In the 17 years since I've been visiting the continent, mostly the Sub-Saharan countries and principally since 1997, I've been struck by the force of religion in the daily lives of many many Africans. In 1995, for example, I recall approximately 20 parliamentarians from a umber of South African political parties coming after their first genuinely democratic election to see how our model of democracy functions. One of them told me that 80% of South Africans are Christians and I've not had much cause to doubt it since. As Anglican Archbishop Tutu has noted, God showed a real sense of humour in selecting his country, given its history, to demonstrate truth and reconciliation to the world. One small anecdote here. On visiting a school for the children of farm workers a few years ago near Johannesberg, I noticed that juice and cookies were to be served. The director of the school, a highly-renowned teacher, asked the blessing before anyone could put cup to lip. It would be unthinkable not to do so, I inferred. Not long before he died a few years ago, the late President Julius Nyerere of Tanzania visited Ottawa and was naturally hosted for a dinner by the government of Canada. When the guests sat down to eat, our very honoured guest made it clear that he would not start until grace was said. It was. Mr. Nyerere who was a devout man all his life, even if he did things like abolishing church-run schools, from one of which he was a brilliant graduate.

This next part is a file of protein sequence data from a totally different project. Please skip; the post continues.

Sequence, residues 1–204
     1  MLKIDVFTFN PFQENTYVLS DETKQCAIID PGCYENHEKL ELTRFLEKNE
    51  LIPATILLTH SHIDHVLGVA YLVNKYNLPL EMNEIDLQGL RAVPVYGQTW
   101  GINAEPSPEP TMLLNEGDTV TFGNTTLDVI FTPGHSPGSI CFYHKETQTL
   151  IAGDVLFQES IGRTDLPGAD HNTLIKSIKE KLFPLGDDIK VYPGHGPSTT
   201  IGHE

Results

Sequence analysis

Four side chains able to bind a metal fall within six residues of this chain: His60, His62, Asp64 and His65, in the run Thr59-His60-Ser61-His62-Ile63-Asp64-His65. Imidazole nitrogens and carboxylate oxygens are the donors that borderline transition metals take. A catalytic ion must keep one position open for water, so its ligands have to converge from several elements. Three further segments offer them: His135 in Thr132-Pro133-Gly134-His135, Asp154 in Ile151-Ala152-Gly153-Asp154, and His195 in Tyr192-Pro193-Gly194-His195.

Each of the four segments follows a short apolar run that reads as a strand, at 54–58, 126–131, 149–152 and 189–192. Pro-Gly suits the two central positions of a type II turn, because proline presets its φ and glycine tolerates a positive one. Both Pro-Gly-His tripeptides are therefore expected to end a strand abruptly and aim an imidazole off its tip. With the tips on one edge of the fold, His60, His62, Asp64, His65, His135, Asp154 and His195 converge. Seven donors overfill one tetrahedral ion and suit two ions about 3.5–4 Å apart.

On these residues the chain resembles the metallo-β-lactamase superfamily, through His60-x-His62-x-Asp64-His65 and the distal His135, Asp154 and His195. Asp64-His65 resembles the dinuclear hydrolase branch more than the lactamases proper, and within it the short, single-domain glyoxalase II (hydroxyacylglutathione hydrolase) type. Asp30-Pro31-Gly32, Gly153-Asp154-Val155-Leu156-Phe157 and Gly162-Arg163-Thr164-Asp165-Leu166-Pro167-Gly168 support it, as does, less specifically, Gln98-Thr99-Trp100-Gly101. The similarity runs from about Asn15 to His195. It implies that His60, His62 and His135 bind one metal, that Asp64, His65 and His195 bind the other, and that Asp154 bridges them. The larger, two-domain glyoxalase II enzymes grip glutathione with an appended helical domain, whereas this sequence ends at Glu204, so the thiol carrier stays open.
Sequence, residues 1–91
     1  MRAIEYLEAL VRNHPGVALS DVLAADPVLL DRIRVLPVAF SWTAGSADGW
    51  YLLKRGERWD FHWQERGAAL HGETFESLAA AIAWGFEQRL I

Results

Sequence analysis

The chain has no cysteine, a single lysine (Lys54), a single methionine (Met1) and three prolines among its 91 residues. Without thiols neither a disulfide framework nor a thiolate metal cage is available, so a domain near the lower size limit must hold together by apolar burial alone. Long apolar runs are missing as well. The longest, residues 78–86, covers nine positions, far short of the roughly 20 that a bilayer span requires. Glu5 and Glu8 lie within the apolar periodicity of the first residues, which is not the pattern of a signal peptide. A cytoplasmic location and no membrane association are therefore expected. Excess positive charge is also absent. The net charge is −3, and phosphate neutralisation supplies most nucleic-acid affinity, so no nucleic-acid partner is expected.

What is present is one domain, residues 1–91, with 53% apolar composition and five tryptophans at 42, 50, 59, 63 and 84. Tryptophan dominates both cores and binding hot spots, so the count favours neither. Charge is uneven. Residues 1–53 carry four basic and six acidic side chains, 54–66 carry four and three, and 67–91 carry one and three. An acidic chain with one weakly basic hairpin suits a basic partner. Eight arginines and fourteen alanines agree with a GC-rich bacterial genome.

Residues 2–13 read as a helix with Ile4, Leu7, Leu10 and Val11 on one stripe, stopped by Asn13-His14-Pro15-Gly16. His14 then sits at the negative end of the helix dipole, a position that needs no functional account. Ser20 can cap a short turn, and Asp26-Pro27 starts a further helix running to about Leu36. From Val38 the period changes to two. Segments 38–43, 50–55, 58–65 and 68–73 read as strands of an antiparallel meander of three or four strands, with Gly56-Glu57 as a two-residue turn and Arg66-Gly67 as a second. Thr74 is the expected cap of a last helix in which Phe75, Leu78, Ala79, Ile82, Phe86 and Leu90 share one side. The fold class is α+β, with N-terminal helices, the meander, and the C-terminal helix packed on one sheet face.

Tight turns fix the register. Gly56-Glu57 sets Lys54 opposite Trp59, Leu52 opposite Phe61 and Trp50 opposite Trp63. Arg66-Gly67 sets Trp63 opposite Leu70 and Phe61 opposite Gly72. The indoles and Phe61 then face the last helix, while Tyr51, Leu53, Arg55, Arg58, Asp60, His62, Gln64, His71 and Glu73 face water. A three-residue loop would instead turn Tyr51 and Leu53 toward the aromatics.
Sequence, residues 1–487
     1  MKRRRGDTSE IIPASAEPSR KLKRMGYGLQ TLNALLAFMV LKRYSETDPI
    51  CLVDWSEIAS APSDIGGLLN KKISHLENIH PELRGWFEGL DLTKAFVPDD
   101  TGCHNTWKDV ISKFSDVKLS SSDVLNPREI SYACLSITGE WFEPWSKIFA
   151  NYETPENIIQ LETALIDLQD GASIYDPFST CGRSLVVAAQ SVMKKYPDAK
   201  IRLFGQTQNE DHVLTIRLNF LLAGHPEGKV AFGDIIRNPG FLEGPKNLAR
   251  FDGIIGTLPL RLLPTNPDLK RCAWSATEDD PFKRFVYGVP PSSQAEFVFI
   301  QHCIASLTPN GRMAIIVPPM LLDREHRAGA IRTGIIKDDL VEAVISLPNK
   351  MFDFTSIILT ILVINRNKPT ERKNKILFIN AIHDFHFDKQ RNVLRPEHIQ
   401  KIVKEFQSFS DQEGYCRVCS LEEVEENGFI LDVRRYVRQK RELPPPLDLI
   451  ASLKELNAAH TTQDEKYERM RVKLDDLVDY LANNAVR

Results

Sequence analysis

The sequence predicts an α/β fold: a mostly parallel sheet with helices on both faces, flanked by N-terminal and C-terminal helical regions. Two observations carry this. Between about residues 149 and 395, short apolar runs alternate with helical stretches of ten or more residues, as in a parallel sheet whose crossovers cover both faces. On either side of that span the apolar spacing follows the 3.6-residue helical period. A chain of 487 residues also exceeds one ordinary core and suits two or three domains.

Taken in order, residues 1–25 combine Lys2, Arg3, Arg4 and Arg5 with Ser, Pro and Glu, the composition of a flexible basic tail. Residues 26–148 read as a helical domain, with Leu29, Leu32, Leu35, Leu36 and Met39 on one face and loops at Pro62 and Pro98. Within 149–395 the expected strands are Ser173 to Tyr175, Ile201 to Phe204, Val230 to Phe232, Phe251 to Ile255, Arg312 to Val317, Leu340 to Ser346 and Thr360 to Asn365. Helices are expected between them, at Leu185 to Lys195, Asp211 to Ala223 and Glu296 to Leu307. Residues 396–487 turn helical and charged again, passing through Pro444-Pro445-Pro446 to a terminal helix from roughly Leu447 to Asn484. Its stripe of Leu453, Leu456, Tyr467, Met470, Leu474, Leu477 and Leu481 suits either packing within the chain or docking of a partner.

On the other side of the continent lies Congo-Kinshasa, about which at least two important books have been published in recent years: King Leopold's Ghost and the novel, The Poisonwood Bible. The first outlines the truly horrific works of the Belgian King and his agents in the Belgian Congo; the author asserts that an estimated 10 million men, women and children - about half of the country's then population - perished because of the barbaric methods used by the Belgians to extract natural rubber from their jungle. It was men and women of faith in Europe and North America who helped finally halt these vile practices. Poisonwood is very hard on the missionary father - a friend who was a missionary for 40 years in seven countries say he never met anyone like the father - but it is superb on its interaction of the African and North American